If you’ve come across any of Maggie Hall’s maximalist pop art paintings, at Masters Gallery, or Contemporary Calgary or even on Instagram, you’d be forgiven for mistaking them as photographs. The detail with which the multidisciplinary artist depicts everything from a package of Hawkins Cheezies to a pile of pink plastic Barbie shoes is staggering.
But, while she’s mastered this precise, hyper-realistic style, Hall isn’t interested in sticking to it exclusively. As a self-taught artist, her approach is all about curiosity — exploring new techniques and materials, then working tirelessly to learn them. “My creative process is [asking] what new material I can use, understanding that I’m going to be bad at it the first 30 to 50 times I use it, and just not having too many emotions about that,” she says.
That’s how Hall, who works out of her studio at nvrlnd. in Ramsay, has come to her latest material obsession: concrete. After five years of extremely detailed, focused work, she was ready for something new. “I got to a point where I needed some movement,” she says. “I was bent over, working on these tiny little sections of paintings for hours and hours. And I think I just got a little bit squirrely.”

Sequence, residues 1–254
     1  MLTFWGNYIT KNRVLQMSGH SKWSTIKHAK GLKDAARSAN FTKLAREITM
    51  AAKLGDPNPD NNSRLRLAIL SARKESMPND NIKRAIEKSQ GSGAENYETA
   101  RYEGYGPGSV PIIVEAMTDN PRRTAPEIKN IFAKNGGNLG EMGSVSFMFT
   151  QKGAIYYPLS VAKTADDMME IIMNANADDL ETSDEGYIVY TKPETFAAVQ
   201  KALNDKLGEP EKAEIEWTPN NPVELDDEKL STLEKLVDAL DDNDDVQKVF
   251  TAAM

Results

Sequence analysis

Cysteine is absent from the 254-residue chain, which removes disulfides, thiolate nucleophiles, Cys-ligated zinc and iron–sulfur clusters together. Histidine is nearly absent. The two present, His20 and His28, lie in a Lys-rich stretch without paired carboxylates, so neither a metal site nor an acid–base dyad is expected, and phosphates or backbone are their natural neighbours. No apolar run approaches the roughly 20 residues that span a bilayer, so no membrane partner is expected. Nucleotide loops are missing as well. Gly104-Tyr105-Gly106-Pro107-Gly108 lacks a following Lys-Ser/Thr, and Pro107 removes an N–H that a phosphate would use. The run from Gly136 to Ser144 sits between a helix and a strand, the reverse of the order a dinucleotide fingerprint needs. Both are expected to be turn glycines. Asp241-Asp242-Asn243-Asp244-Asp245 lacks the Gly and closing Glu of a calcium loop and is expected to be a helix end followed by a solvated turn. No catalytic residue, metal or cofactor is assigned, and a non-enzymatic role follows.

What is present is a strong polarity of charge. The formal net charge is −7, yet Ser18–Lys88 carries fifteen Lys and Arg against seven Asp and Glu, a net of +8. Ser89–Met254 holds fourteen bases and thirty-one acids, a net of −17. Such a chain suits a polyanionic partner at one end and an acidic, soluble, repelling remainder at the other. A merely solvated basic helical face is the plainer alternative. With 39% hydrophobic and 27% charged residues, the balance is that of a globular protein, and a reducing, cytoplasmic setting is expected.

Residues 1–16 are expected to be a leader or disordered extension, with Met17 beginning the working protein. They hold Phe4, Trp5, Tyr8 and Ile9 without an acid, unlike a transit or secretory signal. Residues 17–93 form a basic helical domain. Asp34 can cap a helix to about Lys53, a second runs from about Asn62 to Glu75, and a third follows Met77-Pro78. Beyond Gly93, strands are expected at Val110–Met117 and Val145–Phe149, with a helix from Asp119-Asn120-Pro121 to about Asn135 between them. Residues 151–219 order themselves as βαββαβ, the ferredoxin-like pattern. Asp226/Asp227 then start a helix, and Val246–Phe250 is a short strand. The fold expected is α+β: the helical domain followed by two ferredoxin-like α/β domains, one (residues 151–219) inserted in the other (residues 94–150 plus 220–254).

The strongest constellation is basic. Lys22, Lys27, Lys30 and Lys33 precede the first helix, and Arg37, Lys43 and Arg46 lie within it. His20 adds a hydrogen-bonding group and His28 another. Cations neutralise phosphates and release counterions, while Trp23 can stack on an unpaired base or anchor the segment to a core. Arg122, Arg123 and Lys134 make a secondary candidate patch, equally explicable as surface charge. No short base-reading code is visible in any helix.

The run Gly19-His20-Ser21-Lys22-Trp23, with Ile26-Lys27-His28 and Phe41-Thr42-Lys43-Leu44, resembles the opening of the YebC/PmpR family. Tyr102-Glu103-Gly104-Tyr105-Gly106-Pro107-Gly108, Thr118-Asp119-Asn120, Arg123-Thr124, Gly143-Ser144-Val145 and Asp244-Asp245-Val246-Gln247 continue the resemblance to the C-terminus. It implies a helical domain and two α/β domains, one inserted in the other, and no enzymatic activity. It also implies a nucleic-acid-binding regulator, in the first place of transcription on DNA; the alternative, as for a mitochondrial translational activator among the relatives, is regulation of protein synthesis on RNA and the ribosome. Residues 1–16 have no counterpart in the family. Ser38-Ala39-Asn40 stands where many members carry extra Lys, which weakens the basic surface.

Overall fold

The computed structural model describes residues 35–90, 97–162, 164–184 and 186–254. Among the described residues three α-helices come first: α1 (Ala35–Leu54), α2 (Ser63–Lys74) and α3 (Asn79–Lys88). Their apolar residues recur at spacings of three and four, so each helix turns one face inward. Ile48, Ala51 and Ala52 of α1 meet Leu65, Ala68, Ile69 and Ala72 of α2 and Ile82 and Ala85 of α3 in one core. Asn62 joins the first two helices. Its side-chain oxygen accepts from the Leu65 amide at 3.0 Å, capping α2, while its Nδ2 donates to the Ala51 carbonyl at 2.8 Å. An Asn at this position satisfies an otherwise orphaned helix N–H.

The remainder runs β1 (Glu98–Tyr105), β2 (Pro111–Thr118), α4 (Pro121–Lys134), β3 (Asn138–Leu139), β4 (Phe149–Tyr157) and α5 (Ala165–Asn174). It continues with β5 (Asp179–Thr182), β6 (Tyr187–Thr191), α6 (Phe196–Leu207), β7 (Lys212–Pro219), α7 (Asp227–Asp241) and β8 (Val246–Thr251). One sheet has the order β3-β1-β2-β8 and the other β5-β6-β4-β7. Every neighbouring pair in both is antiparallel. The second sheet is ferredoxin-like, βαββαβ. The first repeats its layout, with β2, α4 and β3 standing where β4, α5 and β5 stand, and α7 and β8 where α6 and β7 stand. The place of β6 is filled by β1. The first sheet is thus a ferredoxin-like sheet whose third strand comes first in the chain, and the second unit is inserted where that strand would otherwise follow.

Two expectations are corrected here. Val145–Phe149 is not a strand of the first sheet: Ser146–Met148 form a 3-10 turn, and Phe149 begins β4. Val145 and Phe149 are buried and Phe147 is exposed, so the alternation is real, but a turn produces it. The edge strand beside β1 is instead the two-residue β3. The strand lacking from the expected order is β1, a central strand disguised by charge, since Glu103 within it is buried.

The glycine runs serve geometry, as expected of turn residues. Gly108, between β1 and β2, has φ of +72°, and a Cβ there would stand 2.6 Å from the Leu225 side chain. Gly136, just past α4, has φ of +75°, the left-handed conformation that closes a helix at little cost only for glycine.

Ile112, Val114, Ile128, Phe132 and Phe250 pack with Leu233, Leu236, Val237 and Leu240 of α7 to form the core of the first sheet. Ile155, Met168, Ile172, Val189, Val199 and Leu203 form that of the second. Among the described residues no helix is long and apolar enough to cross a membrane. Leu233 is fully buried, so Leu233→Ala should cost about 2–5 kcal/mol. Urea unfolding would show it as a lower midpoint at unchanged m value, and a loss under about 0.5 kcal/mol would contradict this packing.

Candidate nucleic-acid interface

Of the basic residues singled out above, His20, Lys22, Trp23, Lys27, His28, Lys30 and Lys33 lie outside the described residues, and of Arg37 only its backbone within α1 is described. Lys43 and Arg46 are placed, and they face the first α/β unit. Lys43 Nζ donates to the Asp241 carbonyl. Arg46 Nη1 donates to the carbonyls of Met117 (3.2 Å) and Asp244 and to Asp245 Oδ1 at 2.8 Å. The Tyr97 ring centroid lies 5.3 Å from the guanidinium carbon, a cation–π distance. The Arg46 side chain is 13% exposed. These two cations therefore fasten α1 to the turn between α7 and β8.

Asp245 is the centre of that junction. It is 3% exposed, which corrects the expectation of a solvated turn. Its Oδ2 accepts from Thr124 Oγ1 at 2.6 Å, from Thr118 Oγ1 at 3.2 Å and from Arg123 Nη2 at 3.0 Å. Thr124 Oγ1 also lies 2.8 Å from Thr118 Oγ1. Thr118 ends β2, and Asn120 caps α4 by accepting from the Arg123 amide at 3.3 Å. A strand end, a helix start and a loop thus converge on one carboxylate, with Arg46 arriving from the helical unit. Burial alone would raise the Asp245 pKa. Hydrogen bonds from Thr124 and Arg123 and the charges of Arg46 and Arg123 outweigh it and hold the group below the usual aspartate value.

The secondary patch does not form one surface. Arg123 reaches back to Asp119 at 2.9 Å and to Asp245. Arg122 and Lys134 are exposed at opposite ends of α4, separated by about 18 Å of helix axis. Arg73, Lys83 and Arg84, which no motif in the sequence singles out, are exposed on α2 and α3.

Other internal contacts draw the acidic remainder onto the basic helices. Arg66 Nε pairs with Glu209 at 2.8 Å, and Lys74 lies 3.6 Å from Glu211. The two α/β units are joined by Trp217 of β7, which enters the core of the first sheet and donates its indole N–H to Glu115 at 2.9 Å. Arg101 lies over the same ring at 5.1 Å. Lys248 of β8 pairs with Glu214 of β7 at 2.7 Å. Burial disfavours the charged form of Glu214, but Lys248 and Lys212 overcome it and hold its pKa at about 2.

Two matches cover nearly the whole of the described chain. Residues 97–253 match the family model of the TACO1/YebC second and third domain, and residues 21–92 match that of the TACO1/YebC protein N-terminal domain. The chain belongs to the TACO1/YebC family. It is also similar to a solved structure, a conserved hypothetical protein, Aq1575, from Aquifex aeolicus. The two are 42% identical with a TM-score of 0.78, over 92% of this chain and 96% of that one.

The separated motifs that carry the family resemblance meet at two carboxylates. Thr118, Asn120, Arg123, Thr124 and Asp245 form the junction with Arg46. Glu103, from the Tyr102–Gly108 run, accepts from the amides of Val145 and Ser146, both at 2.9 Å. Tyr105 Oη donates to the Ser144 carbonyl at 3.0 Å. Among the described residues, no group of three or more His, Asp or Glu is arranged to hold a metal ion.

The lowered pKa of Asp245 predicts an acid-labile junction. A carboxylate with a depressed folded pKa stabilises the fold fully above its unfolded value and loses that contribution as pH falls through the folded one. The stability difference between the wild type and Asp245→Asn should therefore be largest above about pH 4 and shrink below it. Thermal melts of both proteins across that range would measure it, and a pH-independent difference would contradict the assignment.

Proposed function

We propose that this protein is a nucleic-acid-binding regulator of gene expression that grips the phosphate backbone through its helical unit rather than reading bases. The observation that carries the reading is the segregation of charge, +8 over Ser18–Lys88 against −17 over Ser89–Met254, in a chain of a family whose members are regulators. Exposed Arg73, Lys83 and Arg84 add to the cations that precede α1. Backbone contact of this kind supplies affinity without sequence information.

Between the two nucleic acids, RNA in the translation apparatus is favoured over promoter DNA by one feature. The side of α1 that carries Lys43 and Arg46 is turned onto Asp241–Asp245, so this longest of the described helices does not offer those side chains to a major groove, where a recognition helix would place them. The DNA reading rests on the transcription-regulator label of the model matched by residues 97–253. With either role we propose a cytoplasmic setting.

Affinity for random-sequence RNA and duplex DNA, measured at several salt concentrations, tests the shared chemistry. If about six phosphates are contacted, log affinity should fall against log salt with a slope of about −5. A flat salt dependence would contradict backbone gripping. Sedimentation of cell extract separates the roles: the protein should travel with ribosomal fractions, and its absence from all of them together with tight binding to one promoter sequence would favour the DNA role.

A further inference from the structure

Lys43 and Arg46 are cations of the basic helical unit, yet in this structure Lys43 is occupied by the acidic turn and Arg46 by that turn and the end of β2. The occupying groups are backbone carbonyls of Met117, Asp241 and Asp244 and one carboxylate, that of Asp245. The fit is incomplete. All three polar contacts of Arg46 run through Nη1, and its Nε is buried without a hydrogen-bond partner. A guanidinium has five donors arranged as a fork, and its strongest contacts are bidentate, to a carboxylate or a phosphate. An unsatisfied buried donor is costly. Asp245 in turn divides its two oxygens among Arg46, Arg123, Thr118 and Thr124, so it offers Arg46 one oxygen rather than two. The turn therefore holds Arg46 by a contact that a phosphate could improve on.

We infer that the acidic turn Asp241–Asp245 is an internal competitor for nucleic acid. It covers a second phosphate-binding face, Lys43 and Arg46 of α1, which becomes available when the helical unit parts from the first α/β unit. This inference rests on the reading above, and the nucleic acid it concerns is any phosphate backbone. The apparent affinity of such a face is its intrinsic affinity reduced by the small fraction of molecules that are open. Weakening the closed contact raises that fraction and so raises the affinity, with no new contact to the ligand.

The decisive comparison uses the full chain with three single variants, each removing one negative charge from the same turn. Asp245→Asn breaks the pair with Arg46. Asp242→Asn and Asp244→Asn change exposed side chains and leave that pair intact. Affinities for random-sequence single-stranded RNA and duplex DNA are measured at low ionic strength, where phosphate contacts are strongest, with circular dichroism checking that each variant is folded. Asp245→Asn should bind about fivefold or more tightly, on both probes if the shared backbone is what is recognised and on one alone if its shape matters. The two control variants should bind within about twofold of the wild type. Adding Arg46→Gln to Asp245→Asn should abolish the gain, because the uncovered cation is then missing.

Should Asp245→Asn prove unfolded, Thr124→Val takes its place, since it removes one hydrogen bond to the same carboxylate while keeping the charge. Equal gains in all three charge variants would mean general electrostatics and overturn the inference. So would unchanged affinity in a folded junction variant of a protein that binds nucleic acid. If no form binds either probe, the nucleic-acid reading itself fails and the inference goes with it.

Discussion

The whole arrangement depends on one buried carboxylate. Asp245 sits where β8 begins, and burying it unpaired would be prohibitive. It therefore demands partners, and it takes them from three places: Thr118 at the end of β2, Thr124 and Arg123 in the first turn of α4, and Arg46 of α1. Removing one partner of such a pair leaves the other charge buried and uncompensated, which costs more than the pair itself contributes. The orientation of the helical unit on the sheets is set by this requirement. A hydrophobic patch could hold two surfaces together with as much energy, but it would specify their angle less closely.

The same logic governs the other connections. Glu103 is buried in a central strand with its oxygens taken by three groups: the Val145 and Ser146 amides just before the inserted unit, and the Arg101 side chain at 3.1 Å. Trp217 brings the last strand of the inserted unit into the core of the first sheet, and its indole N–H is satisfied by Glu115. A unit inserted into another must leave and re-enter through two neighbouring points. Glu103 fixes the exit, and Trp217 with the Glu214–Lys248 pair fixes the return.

Last summer, as her father recovered from an illness, Hall spent a lot of time at her parents’ house. Her father owned a concrete restoration business, so, with his guidance, she started playing around with concrete — and she “fell in love.”
“It was a big departure from all my other work,” she says. “You mix the concrete and you have 15 minutes before it sets. So, all the marks you make, all the decisions, everything’s done in minutes, versus the weeks that I spent doing these other pieces. With the weight of the concrete and moving it around, I was just exhausted at the end of the day, but so happy.”
Together with her dad, Hall created a proprietary concrete mix that’s lighter than the standard stuff. She pours and positions the concrete mix on a wood frame, allowing it to set, then uses an electrostatic flocking machine (“it sort of looks like a giant flashlight”) to cover the concrete in vibrantly coloured fibres, leaving the piece with a velvety, must-be-touched texture.
Last October, Hall debuted her new flocked concrete works as an exhibitor at Art Toronto, her first art fair. “I was encouraging people to touch them, which is something you’re usually not supposed to do at art fairs or museums,” she says. “I think people were really interested and fascinated by the fact that they’re hard and heavy and solid, but also soft and luxurious.”
Hall says she’s just scratched the surface with concrete, and can’t wait to get back to using her electrostatic flocking machine as the weather warms up (it makes too much of a mess to be used inside, she says). “It looks like a huge departure now, but this is just another tool and medium I’m learning. Eventually, they will all blend together over the course of my career.”